The wide variety of fabrics available nowadays is immense, right from natural fabrics like cotton, organic wool, or silk to artificial fabrics made using polyester, polyamide, and other chemically treated fabrics. The diversity in nature of the fabrics, as well as intricacy of designs, have always been convened by new designs swayed by various garments and costly designer works, which gave rise to the far-reaching textile industry that is in operation. The fast-moving fashion industry exploits not only the fabric variety produced by the textile industry but also the cloth printing possibilities, which weren't always readily available in the past without the modern fabric printers.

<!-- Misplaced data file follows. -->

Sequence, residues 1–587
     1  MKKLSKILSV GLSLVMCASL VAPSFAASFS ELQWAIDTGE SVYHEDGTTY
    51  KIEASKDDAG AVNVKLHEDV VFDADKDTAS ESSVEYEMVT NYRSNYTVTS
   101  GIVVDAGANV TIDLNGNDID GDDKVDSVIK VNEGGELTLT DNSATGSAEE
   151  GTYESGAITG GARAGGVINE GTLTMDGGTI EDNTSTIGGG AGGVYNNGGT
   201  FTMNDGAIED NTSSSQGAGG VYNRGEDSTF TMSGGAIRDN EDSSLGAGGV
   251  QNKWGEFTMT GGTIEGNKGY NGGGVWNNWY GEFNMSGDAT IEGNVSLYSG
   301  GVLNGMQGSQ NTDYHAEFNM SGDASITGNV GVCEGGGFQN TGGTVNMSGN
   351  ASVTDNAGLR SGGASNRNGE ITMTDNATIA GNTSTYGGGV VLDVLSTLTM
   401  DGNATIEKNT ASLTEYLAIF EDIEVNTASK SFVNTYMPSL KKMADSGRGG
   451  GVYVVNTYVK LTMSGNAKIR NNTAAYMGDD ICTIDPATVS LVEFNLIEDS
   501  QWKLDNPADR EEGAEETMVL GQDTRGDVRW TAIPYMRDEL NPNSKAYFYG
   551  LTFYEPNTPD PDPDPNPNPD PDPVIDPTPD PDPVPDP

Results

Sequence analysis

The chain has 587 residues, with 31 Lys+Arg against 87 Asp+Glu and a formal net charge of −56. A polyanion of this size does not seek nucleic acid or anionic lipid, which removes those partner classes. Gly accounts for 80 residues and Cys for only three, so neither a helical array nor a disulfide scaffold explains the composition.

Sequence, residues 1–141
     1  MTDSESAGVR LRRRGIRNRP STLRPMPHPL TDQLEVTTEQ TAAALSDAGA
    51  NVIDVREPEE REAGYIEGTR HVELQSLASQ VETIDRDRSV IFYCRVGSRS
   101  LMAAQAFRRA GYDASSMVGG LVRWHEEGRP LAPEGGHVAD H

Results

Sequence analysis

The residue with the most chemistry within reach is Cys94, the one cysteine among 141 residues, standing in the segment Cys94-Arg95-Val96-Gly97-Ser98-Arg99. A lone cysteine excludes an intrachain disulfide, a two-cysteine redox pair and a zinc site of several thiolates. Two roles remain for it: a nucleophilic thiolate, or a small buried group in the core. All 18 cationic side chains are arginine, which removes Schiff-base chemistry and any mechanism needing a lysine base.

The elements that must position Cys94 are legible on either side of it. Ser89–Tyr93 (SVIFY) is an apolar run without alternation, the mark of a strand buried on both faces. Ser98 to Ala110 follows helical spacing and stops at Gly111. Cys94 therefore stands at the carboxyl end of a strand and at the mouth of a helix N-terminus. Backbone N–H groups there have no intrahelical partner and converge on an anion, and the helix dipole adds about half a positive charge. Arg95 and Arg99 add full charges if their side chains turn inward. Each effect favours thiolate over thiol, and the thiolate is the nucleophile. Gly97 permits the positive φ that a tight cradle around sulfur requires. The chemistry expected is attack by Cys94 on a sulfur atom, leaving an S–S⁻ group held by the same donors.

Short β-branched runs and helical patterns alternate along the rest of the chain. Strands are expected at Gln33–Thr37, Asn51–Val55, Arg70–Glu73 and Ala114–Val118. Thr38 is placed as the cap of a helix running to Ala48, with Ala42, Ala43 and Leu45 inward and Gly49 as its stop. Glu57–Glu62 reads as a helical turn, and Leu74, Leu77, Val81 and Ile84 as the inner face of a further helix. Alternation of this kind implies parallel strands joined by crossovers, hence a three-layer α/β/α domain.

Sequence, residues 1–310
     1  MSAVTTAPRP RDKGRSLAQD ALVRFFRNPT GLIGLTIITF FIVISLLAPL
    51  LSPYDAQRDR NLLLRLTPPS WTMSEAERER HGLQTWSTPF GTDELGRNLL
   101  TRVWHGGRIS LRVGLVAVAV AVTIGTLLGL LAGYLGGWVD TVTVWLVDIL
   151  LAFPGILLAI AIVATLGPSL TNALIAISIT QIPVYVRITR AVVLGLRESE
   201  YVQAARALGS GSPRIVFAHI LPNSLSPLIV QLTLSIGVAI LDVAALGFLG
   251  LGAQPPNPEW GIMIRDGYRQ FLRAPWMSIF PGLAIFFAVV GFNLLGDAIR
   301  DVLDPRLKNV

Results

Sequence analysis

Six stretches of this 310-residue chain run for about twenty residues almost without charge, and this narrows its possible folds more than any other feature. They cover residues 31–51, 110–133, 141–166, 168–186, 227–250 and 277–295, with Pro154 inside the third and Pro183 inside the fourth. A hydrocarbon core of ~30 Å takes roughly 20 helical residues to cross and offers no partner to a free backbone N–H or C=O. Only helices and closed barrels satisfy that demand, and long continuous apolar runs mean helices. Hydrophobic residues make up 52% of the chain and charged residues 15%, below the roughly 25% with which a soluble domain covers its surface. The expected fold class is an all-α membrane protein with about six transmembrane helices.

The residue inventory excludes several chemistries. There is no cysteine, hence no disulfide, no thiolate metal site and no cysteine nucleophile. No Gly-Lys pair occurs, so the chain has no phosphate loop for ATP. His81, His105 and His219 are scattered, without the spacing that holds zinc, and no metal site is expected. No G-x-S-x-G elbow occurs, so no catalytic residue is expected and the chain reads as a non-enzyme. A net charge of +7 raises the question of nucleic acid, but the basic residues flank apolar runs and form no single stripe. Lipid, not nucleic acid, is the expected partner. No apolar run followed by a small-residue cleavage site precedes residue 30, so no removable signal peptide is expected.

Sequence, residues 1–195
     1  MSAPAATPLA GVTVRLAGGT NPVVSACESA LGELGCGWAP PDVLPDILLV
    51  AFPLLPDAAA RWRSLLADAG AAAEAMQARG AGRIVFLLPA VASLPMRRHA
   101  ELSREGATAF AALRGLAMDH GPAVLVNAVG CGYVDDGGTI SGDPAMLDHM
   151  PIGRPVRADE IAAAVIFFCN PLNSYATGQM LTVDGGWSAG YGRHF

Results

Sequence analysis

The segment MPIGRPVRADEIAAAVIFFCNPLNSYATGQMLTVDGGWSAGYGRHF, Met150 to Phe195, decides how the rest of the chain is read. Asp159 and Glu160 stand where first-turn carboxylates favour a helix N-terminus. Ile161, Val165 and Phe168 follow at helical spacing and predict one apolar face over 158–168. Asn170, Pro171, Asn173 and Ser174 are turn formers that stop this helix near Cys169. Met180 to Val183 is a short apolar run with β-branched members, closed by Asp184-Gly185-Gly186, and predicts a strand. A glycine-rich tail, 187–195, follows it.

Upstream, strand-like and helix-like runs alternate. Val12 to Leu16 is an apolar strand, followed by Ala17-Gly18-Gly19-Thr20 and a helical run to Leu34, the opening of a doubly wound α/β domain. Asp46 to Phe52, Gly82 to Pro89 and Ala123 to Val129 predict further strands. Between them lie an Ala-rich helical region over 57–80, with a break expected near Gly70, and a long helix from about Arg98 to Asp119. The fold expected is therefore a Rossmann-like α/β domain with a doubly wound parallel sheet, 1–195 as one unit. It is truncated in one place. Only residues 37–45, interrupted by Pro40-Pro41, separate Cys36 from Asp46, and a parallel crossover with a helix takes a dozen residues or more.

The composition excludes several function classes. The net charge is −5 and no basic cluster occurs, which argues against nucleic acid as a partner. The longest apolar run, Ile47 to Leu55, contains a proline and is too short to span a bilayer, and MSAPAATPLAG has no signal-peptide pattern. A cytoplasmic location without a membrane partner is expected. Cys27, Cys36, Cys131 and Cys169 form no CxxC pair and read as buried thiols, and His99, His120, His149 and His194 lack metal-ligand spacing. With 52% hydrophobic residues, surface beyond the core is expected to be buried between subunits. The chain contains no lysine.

The proof of textile printing was found in China and among the Incas in Peru during the first century. In Europe, patterns on fabrics made using manual fabric printers were introduced much later due to the difficulty in achieving durable printing, which doesn't fade or wash off. It wasn't until the development of durable dying stuff that enabled the first printing of patterns on fabrics to be made.
The original system used was rather primitive and done by hand. The technique of woodblock printing involving a pattern engraved on blocks used to print designs was the first attempt to create patterns on cloth, and it's still employed at the moment in some places in India and Asia as fabric printing in its most primary form.